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Sermon Notes for 4th Sunday after TRINITY 9 July 2017 Anno Domini

Sermon Notes for 4th Sunday after TRINITY 9 July 2017 Anno Domini

 The Gospel
St. Luke vi. 36-42 is merciful. 37  Judge not, and ye shall not be judged: condemn not, and ye shall not be condemned: forgive, and ye shall be forgiven: 38 Give, and it shall be given unto you; good measure, pressed down, and shaken together, and running over, shall men give into your bosom. For with the same measure that ye mete withal it shall be measured to you again. 39 And he spake a parable unto them, Can the blind lead the blind? shall they not both fall into the ditch? 40 The disciple is not above his master: but every one that is perfect shall be as his master. 41 And why beholdest thou the mote that is in thy brother's eye, but perceivest not the beam that is in thine own eye? 42 Either how canst thou say to thy brother, Brother, let me pull out the mote that is in thine eye, when thou thyself beholdest not the beam that is in thine own eye? Thou hypocrite, cast out first the beam out of thine own eye, and then shalt thou see clearly to pull out the mote that is in thy brother's eye. (Luke 6:36-42)

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            In today’s Gospel there are points of variance between that which is commonly, and erroneously, taught in modern churches; and the clearly stated truth of the Scripture itself. One has to do with the false notion that we are helpless to judge both sin and sinners – the second is that our good works will suffice to save us if only we perform enough of them..

n a world that places a very high premium upon achievement and performance, we are often misled, even by our clergy, to believe that our works are the means by which we are saved. The modern church emphasizes giving almost to the exclusion of all other considerations. The rich man, or woman, will be rewarded with honors and positions of responsibility even if their daily lives do not reflect that Spirit of which Christ spoke. Perhaps the poor widow that spends all of her available time in cooking for the sick and homeless will be forgotten in the perishable minds of men, but shall be more highly remembered and favored in the Infinite Mind of God. God gives us many hints of His Will to be fulfilled in Christ in the midst of the Old Testament.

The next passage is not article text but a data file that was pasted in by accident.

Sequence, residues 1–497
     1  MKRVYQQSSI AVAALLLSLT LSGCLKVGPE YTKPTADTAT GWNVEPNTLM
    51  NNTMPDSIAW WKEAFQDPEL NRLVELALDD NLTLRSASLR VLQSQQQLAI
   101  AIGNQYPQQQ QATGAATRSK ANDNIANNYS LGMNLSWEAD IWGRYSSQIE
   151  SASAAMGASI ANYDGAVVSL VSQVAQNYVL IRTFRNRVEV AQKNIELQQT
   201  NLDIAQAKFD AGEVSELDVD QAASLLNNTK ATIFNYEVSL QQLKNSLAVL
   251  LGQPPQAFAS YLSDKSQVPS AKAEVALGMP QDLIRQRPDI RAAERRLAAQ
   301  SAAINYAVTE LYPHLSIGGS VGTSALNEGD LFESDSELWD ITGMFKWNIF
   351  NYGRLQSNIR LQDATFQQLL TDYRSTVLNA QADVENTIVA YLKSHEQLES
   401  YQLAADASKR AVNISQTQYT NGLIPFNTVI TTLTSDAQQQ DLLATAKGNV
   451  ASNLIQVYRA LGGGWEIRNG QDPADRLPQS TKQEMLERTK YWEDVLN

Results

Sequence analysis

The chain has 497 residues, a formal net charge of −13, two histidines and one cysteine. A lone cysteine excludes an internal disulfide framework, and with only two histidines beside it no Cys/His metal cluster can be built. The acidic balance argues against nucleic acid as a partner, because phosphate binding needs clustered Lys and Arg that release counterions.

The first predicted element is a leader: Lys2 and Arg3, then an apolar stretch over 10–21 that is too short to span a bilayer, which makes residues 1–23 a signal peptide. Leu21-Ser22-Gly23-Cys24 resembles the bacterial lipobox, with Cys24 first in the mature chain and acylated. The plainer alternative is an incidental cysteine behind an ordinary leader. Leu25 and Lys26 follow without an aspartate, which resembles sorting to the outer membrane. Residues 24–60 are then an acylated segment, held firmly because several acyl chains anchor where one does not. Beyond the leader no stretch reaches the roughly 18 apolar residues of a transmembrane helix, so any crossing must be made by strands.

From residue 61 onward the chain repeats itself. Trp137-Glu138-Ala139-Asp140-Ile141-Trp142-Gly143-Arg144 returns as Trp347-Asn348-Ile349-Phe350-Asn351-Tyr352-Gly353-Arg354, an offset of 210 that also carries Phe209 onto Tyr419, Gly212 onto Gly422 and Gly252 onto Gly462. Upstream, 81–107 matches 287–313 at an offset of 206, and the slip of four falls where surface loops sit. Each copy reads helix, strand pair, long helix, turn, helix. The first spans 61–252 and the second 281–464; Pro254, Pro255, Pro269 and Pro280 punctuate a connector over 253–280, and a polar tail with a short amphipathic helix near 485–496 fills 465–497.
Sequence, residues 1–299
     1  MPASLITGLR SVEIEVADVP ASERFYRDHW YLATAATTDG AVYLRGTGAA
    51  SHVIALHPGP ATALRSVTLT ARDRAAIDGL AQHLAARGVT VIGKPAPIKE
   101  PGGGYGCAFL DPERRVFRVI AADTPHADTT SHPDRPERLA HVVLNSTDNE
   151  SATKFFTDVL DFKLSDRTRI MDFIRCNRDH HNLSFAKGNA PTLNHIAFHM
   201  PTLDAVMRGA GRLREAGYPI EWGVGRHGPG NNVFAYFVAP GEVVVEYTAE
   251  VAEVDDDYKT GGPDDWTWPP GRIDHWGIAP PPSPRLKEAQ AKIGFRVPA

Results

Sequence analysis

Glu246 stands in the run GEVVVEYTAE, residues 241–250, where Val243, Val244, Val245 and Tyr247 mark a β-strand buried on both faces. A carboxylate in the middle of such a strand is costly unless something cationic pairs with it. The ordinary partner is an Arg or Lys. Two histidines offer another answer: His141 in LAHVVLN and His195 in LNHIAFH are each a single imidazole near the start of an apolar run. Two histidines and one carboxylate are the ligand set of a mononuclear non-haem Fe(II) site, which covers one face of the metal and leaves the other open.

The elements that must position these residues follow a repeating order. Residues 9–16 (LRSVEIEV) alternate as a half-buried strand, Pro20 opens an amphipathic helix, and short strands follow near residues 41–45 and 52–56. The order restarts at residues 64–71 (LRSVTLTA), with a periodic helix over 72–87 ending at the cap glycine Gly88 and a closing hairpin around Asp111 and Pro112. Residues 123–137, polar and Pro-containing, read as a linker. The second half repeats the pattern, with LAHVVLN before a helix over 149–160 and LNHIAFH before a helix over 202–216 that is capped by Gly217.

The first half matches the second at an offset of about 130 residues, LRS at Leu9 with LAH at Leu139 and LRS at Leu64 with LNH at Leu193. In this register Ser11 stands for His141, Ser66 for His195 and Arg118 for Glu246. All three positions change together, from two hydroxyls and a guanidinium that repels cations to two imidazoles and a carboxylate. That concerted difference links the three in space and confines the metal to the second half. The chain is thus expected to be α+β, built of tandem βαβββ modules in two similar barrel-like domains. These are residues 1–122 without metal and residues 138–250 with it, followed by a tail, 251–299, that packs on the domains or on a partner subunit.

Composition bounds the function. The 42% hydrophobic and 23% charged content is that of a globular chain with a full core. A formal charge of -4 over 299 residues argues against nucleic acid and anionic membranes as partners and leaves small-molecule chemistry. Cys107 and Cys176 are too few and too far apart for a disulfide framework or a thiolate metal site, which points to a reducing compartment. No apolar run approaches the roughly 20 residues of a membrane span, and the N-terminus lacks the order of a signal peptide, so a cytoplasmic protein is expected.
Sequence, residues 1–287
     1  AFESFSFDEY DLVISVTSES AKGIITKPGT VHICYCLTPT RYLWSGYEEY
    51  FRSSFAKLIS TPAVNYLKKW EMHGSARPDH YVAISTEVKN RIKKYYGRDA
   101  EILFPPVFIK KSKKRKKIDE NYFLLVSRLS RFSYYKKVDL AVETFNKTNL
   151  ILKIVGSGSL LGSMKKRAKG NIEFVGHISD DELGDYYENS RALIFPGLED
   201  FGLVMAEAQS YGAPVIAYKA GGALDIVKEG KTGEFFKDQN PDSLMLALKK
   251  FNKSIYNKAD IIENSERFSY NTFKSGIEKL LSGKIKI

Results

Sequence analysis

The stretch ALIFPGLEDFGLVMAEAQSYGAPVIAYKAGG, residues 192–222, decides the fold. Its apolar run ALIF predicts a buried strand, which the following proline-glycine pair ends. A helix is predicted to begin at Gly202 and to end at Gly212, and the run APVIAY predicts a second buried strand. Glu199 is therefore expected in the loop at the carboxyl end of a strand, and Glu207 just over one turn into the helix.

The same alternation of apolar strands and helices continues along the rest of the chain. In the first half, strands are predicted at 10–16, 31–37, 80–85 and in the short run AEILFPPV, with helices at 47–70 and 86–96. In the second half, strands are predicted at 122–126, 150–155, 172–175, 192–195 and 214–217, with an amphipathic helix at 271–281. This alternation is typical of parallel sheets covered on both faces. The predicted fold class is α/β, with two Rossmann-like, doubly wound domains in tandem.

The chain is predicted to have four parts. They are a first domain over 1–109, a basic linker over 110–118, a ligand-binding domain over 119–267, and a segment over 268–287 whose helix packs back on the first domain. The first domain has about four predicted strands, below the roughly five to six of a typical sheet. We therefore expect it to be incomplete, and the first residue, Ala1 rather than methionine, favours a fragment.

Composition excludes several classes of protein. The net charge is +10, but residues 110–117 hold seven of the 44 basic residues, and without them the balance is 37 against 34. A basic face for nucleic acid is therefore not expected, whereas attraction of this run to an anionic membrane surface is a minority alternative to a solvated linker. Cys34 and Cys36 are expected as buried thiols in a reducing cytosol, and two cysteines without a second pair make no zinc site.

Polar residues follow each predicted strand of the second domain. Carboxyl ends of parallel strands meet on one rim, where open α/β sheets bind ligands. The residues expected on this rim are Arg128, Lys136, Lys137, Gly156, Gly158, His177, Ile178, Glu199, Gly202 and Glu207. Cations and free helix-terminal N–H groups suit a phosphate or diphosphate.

The people of Israel were living as they pleased and believing that all their sins were remitted by the sacrifices of the wealthy. But God counseled: For I desired mercy, and not sacrifice; and the knowledge of God more than burnt offerings. (Hosea 6:6) The money-changers of the modern temple would have us persist in believing that we can BUY God’s favor while living as we please, but it was NEVER so. Mercy and truth are met together; righteousness and peace have kissed each other. (Psalms 85:10) Mercy and truth are husband and wife – inseparable! If we will have mercy, we must accept truth with it. As Jesus told the Samaritan Woman at Jacob’s Well, “. . . the hour cometh, and now is, when the true worshippers shall worship the Father in spirit and in truth: for the Father seeketh such to worship him. (John 4:23) ‘Spirit’ is not emotionalism, but love of God and our fellow man. But our love must be directed in truth, for false worship is an abomination in the eyes of the Lord.

            As we read in our biblically-oriented prayer of Collect, God is the protector of all who trust in Him. We can claim none of God’s protection apart from the measure of trust we place wholly in Him. Without God, we have no strength at all, and our righteousness is as filthy rags. Apart from God, there is no holiness to be had. We lean upon God for His increasing mercies in His Sovereign Rule over us, and to Guide us through the Wilderness of Sin of this present world. Only God can show us the safe and righteous way – we cannot find it alone. In avoiding those things that worldly, we are amassing to ourselves those treasures that are heavenly. These are the Godly petitions we repeated from today’s prayer of Collect.